With this backdrop, let us get back to the opening sentence of this post which said: “These are indeed sad times in the land (TN) where political propaganda of several hues got their expositions and teeming audiences through political films, plays and newspapers since the late 1940s.” Why? The incredible and unthinkable shocking turnaround in the propaganda games Indian and Tamil media have been playing since 1983 happened this week with the blackout of the Srilanka news by the channels controlled/owned by DMK. These include Kalignanr TV and Sun TV. I first noticed this on 30th May 2009 when I sat through the 30 mins. morning newscasts of these channels and Makkal TV. To my shock, I found that the 30 mins. newscasts of these channels were sanitised (rid of Srilankan war news) to convey the impression that nothing was happening to Tamils in Srilanka. This was the day when shelling by the Srilankan army killed 200 Tamils (only Deccan Chronicle carried the story on the front page, while other English and Tamil newspapers harped on the usual propaganda stories from the Srilankan Army). Believe it or not, neither the killing of 200 Tamils in the shelling by the Srilankan army nor the supposedly major reactions/interventions from countries in the West mattered as worthy items for inclusion.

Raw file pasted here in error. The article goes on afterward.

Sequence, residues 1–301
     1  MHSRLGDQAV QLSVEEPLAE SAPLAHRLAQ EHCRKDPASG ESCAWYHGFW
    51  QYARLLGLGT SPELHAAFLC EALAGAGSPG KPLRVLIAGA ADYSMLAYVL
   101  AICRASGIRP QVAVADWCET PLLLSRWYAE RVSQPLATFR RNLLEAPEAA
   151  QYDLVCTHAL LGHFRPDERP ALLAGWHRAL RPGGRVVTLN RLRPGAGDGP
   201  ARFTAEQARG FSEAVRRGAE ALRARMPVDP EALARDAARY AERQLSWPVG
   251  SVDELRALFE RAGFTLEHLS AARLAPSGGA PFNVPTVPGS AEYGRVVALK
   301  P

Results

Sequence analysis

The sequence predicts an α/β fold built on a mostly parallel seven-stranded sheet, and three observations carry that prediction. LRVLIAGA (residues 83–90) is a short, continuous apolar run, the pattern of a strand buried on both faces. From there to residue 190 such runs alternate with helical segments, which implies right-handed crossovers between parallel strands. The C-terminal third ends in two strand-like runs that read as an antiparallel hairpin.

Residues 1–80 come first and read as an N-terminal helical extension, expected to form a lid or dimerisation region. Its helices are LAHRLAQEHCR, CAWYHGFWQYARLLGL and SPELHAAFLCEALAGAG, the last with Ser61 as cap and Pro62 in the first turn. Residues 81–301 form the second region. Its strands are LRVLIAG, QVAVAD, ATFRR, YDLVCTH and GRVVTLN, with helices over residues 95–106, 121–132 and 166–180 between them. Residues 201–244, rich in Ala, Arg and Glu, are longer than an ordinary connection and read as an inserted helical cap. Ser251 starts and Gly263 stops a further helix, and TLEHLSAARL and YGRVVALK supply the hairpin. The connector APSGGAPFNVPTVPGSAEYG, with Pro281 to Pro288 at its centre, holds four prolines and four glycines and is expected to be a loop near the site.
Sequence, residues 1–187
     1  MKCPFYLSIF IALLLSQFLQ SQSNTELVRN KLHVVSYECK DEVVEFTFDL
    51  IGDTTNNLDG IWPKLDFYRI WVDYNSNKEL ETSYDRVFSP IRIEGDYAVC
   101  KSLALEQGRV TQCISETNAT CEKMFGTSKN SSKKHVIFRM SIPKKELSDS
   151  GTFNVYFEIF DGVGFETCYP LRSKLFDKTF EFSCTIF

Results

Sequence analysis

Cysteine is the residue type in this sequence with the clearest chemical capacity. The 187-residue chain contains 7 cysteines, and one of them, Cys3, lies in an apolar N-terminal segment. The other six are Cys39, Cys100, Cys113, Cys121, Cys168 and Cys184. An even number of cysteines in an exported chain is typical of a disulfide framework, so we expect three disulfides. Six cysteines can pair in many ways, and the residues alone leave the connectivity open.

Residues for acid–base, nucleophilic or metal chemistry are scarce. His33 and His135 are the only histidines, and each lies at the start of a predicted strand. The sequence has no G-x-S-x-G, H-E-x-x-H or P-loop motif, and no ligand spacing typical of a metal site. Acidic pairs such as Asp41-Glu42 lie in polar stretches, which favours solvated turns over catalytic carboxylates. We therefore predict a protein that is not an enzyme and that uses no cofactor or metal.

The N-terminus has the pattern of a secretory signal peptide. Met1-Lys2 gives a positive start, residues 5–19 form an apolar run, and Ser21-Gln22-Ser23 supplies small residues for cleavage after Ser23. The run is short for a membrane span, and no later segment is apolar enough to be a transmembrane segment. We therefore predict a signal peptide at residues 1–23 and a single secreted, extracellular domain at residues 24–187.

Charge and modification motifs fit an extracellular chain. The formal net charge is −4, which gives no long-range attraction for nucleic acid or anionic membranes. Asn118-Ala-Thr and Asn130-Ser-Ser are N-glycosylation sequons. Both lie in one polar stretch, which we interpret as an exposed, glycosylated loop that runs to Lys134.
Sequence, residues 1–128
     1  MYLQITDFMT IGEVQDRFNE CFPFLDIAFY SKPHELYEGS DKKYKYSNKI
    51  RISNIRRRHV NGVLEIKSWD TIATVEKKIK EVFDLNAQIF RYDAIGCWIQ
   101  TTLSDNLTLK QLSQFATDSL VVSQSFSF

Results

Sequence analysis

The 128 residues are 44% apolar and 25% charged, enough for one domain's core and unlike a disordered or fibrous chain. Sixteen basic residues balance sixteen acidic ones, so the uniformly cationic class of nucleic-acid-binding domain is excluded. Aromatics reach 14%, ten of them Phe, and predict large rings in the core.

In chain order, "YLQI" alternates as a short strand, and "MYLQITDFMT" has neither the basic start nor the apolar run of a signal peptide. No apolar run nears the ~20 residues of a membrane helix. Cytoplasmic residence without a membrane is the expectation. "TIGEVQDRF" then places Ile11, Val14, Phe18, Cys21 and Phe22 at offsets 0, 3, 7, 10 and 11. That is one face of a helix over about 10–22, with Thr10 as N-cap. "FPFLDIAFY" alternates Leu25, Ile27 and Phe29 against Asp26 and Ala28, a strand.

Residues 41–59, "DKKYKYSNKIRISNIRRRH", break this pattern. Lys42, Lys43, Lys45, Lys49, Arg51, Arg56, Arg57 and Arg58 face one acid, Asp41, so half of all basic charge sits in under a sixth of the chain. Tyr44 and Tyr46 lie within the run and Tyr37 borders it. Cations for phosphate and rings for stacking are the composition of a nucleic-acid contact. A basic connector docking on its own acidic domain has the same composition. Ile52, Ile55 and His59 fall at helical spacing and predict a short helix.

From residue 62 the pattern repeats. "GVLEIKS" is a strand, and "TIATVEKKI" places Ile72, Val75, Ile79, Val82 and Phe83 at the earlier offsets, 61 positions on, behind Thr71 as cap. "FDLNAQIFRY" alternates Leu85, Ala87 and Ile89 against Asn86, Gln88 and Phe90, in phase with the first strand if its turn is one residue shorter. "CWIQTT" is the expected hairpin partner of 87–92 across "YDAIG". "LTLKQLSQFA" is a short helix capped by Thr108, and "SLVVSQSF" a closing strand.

The 30 min. morning newscast of Sun TV yesterday had Pakistan’s war against Taliban as the lead item and there were stories on Swine flu and elections in Argentina. Today’s (02 05 2009) Deccan Chronicle, Tamil Osai and sites in the Tamil blogosphere which deal with the Srilankan Tamil issues had prominent space for the satellite images of UN about bombing in the NFZ in Vanni. Again, today’s morning newscasts of Sun TV and Kalignanr TV Tamil were thoroughly sanitised to enact a make believe propaganda game where blacking out the inconvenient truth defines what is not television journalism.
As everyone in TN knows, the present parliamentary election is being waged with the Lankan genocide as the main issue by the polarised political parties. And it is no secret that DMK and Congress have been facing the brunt of criticism for failing to stop the genocide in Srilanka. In such a context, these instances of blackout of a naturally important yet inconvenient stories have more to reveal than hide about the sad times in the land where political propaganda of an ideological and social kind bloomed and ruled the roost n the past. When DK and DMK were first tasting their hands at the flavours of political propaganda during the 1940s and 1950s, blacking out/censoring of unpalatable truths were not as common, brazen and crude as during the sad times of political communication in TN today.